Surely you've seen the patterns in people. There are those who fast-as-lightning will tell you "No way; it can't be done."
If you believe that, you're right. It can't be.
And then there are those who look at that same equation and think "yeah, it's gonna be hard, but I think we can do it. No. I know we can do it." These folks have the can-do gene, which is one of humanity's great gifts to itself.
For our Conversations program a while back we interviewed the doctors Ruth Berggren and Tyler Curiel. They've got the odd luck to have suffered the landfall of Hurricane Katrina at ground zero, and to have gone to Haiti to help in the humanitarian efforts after their big quake. These 2 doctors have that can-do gene.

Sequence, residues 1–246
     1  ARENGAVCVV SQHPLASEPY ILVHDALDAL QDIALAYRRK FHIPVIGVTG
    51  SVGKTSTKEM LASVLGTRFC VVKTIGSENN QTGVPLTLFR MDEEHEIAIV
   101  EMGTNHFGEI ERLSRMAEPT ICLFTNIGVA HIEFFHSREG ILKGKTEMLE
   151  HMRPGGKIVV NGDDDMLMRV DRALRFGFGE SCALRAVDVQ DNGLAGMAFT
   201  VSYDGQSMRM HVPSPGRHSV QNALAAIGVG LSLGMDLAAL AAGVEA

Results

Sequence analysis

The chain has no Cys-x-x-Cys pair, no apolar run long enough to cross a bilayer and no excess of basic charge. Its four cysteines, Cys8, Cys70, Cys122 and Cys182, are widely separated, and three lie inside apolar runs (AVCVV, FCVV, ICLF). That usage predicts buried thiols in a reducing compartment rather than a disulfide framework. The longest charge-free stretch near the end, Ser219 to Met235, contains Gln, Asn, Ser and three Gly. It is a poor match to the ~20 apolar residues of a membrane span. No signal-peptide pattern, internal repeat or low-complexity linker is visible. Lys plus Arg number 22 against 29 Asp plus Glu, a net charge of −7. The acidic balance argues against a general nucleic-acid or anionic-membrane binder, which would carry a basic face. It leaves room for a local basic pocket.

We also recently interviewed Carolyn Chipman Evans, who created the Cibolo Nature Center, and has gone on to make it one of Texas' finest Interpretive Centers. One has to wonder how many came to her and said "You wanna do what? Can't be done!" She's got the can-do gene.
Last week we interviewed Sandra Cisneros, who was raised in a situation where she was told the her career options were primarily secretarial. Turns out, she was driven not so much to type, but to write. Now she's written herself into the pantheon of great American writers. Sandra's got the can-do gene, too.
Next week we talk to Joci Straus, whose life is all about seeing the possibilities, and putting the effort towards turning those possibilities into realities. After leading the charge to save the Majestic and Empire Theaters, Ms. Straus is now focused on helping the next generation of artists and performers with scholarships that will enable them to realize their dreams. No doubt, Joci Straus has the can-do gene.
Here at KLRN, we're all about can do. We hope through programs like Conversations, that we inspire you to do all you can. Don't believe 'em when they tell you you can't. You can.